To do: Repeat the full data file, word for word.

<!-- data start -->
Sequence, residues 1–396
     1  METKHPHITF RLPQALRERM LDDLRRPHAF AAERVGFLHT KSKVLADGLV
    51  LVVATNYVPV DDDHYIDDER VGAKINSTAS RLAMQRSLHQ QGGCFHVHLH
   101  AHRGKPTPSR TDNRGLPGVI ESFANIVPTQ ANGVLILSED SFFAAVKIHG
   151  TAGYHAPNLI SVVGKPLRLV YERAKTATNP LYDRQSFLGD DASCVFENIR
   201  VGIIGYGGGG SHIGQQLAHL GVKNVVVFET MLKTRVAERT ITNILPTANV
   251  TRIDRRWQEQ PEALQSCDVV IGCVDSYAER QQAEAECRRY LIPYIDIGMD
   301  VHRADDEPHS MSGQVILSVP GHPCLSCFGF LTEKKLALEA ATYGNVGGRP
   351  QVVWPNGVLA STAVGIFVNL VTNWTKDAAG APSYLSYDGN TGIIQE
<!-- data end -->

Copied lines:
Sequence, residues 1–396
     1  METKHPHITF RLPQALRERM LDDLRRPHAF AAERVGFLHT KSKVLADGLV
    51  LVVATNYVPV DDDHYIDDER VGAKINSTAS RLAMQRSLHQ QGGCFHVHLH
   101  AHRGKPTPSR TDNRGLPGVI ESFANIVPTQ ANGVLILSED SFFAAVKIHG
   151  TAGYHAPNLI SVVGKPLRLV YERAKTATNP LYDRQSFLGD DASCVFENIR
   201  VGIIGYGGGG SHIGQQLAHL GVKNVVVFET MLKTRVAERT ITNILPTANV
   251  TRIDRRWQEQ PEALQSCDVV IGCVDSYAER QQAEAECRRY LIPYIDIGMD
   301  VHRADDEPHS MSGQVILSVP GHPCLSCFGF LTEKKLALEA ATYGNVGGRP
   351  QVVWPNGVLA STAVGIFVNL VTNWTKDAAG APSYLSYDGN TGIIQE